Car-rental insurance abroad can be a costly headache. T+L explains how to do it right.
How to Buy Car-Rental Insurance in Europe
Many credit cards don’t insure rentals in Ireland or certain vehicles (pickups; cars valued above $50,000).
It was one dinged-up rental car. Smashed driver’s-side mirror; sizable dent in the passenger-side aft bumper. And no, it wasn’t my fault—at least, not entirely. The Dublin rental agency never asked about damage when I returned the car, but I spent that night agonizing about how much insurance I had purchased and the potential hit on my wallet. Ten years later, I’m still half expecting a bill.
That incident taught me a lesson: always have comprehensive insurance when renting abroad—especially in Europe, where your personal car insurance is unlikely to be valid and deductibles are high. But rental insurance in Europe is tricky. “There are different rules for different countries,” says Paula Lyons, who runs the website best-car-rental-tips.com. “It can be confusing.”
To begin with, most rental rates in Europe include liability insurance, which covers damage to anything outside the car—but not to the vehicle itself. For that you need a collision damage waiver (CDW). Some companies include a CDW in the rental rate, while others sell it for $15–$30 a day; it may also be offered through your credit card provider. Whether included in the rental rate or acquired separately, a CDW in Europe carries a deductible of around $1,000–$2,000—even if the damage wasn’t your fault. And a CDW doesn’t cover your tires, windows, roof, undercarriage, or interior. Nor does it include theft (also called “loss”) insurance, which costs an extra $5–$12 a day. If your car is stolen and you don’t have coverage, you could be liable for the full value.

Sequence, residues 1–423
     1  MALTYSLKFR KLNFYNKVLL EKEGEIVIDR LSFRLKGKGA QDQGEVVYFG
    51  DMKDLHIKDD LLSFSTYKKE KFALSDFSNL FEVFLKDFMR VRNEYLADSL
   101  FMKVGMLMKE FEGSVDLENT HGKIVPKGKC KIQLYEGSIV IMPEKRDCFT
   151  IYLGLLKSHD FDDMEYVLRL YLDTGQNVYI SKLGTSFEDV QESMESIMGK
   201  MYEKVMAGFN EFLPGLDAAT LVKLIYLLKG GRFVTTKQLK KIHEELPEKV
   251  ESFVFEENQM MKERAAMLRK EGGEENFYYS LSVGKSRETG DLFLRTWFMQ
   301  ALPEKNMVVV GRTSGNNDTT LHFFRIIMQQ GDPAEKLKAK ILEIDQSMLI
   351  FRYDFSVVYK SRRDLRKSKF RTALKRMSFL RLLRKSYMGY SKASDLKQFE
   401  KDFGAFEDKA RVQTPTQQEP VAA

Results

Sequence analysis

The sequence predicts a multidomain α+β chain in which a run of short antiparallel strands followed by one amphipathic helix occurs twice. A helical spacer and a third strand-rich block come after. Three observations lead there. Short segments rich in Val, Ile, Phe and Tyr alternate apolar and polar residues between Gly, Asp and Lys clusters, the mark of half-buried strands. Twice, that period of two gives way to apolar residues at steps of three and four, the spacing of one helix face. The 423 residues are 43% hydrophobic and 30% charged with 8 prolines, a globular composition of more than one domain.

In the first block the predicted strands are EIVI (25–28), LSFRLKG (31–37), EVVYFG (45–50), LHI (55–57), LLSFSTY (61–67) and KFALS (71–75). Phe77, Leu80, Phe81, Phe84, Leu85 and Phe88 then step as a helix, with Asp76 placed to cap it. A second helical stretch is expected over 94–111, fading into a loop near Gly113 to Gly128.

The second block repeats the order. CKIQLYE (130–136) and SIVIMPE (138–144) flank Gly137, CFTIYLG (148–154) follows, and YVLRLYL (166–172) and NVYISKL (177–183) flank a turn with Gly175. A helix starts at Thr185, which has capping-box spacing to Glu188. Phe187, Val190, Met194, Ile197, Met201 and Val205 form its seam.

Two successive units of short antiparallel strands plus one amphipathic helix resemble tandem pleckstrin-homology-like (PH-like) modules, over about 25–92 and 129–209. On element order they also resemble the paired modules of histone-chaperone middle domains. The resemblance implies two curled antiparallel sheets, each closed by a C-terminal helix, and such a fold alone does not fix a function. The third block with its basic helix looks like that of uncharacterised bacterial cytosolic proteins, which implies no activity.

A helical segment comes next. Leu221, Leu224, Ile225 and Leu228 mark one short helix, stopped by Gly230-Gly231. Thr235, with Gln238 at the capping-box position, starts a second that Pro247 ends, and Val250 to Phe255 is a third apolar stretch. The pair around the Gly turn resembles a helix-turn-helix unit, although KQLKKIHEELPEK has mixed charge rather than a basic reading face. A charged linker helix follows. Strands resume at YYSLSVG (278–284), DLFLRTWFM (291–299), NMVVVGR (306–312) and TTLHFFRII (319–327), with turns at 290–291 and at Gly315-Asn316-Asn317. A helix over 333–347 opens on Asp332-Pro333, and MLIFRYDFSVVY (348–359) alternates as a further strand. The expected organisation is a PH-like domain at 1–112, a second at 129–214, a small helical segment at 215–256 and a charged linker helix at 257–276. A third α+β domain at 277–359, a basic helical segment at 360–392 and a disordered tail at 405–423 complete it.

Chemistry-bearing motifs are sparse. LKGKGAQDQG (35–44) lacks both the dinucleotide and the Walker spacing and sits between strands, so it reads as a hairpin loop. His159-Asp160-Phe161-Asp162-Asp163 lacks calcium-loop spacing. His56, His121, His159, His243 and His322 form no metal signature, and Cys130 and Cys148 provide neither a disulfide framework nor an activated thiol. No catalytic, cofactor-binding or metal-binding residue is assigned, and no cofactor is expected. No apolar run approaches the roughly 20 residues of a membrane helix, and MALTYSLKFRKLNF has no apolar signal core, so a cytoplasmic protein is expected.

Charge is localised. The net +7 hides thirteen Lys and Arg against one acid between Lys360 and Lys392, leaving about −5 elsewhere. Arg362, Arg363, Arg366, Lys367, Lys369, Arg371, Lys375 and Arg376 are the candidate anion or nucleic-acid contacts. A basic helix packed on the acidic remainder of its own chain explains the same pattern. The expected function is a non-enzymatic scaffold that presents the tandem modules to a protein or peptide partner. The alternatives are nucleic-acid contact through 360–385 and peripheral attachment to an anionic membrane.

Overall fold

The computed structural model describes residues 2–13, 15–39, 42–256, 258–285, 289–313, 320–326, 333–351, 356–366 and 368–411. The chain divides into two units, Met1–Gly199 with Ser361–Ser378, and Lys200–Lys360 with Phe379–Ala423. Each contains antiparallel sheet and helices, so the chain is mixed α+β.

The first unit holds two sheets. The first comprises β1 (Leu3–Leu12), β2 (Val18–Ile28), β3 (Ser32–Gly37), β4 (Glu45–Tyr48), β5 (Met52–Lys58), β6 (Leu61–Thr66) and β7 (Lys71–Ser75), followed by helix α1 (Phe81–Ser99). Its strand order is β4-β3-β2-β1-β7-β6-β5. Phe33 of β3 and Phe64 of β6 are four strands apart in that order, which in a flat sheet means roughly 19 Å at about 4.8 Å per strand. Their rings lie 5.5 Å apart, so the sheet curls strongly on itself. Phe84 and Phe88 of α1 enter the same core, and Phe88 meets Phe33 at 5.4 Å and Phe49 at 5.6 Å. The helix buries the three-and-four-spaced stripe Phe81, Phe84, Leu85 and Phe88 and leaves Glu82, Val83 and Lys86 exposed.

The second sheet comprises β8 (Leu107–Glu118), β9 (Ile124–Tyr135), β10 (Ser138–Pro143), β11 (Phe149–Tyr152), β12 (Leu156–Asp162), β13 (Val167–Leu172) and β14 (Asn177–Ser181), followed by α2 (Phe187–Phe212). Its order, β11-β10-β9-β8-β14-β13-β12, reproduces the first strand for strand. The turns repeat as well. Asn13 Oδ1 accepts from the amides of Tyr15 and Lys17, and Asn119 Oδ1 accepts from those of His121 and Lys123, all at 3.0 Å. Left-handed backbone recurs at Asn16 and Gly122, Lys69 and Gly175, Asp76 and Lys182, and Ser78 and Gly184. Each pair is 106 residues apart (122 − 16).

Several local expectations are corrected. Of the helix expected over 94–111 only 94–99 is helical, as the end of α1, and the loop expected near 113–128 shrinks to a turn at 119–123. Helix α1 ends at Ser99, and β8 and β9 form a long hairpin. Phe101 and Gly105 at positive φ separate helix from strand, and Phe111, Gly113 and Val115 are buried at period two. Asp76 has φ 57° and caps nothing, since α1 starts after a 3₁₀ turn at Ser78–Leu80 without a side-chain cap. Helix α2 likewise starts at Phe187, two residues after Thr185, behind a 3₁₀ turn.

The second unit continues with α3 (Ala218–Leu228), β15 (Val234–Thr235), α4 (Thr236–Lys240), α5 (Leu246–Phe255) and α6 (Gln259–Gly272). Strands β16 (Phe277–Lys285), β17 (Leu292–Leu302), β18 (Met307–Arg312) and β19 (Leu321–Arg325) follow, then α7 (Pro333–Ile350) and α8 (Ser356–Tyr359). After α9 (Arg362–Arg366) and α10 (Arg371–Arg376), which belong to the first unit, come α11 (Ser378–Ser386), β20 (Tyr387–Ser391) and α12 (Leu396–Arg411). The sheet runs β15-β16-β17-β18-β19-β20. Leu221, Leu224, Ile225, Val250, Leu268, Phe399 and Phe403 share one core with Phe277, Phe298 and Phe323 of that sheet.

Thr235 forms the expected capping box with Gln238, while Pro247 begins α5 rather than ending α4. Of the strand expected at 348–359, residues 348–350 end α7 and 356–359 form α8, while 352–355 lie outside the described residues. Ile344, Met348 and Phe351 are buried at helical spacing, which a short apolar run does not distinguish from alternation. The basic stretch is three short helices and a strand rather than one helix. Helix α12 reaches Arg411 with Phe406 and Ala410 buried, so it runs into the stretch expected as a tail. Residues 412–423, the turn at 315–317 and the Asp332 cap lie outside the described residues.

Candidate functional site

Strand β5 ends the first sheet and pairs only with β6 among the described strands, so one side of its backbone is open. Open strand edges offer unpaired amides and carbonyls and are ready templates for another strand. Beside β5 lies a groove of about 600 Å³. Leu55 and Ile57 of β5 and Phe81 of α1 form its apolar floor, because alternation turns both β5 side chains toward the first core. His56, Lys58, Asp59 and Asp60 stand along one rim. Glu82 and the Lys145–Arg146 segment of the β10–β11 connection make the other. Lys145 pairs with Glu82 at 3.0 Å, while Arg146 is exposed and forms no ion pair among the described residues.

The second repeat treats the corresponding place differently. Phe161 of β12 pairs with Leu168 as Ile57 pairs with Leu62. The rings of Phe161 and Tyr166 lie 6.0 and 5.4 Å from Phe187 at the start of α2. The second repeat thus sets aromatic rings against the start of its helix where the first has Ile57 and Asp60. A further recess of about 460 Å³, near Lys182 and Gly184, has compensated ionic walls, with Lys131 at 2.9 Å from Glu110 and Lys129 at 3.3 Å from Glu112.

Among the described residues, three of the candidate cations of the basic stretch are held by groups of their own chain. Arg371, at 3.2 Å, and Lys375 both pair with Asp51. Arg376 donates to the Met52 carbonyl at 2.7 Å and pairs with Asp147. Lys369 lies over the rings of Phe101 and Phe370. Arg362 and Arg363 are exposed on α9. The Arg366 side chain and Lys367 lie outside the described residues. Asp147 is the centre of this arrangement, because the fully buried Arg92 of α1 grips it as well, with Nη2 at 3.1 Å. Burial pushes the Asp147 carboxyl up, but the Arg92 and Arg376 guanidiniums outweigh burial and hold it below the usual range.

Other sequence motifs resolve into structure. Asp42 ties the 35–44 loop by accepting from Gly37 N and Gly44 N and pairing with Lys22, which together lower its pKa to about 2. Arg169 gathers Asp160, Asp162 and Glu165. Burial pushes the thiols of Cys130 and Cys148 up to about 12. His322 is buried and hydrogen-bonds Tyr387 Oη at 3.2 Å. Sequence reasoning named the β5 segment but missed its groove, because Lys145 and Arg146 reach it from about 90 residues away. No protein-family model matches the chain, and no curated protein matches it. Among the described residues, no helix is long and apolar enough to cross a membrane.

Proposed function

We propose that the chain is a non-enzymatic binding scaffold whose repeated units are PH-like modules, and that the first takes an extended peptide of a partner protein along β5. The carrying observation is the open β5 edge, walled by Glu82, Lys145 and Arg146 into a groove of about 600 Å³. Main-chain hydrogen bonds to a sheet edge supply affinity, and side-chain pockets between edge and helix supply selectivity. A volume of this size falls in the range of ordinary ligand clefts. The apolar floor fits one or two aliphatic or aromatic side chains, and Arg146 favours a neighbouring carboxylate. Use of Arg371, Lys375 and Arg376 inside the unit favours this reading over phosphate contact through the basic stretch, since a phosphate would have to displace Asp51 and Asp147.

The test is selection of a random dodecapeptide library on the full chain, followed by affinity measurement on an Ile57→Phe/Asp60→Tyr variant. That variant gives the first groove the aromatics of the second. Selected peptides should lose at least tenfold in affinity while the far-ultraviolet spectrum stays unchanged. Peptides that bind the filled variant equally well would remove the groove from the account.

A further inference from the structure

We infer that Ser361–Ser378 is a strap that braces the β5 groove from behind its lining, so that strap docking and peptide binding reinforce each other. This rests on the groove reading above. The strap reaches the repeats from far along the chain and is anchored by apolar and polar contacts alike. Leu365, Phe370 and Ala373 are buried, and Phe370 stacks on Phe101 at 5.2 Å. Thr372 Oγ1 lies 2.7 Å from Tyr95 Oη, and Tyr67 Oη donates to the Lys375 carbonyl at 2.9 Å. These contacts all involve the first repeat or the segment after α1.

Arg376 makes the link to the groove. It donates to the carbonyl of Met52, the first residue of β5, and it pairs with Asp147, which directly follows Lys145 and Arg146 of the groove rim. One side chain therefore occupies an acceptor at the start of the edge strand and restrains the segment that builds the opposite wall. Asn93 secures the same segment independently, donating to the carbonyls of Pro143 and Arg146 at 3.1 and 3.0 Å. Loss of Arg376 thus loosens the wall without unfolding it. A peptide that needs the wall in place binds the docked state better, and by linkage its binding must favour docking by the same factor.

As if all that weren’t confusing enough, there’s something known as “super” CDW, also called “extended,” “top-up,” or “excess” CDW. These lower your deductible to nearly zero for an extra $20–$30 per day. Avis’s Super Cover policy, for example, both nixes the deductible and protects against loss. “It relieves any financial responsibility in case of accident or theft,” says John R. Barrows, a company spokesperson.
Finally, a car-rental agent may suggest that you buy personal accident insurance. This provides injury and death benefits for the driver and any passengers. You already may be covered for this by your credit card or travel insurance.
You can buy all of the above coverage from the rental-car company, but it might run as much as $80 a day with advance purchase, or even more if you buy it at the counter. Alternatively, you can rely on the coverage provided by some credit cards, but beware that these policies come with restrictions.
Another option: get a CDW from a third-party insurer; they often charge less than rental companies. Travel Guard, for one, offers a low-deductible CDW for $9 a day. But these still may not cover theft and personal accidents.
“Like any insurance, it can be expensive,” Lyons says. “That is, until you need to use it—then you’re very glad you have it.”